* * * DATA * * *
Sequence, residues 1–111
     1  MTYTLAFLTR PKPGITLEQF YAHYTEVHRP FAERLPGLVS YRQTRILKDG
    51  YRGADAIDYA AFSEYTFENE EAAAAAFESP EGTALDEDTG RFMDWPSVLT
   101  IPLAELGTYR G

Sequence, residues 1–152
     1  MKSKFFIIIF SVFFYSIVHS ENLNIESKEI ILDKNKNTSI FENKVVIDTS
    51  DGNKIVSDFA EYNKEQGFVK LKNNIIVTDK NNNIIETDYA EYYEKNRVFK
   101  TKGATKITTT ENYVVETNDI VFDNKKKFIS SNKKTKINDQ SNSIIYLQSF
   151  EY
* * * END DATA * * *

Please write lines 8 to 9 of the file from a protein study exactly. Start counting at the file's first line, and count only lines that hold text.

   101  TKGATKITTT ENYVVETNDI VFDNKKKFIS SNKKTKINDQ SNSIIYLQSF
   151  EY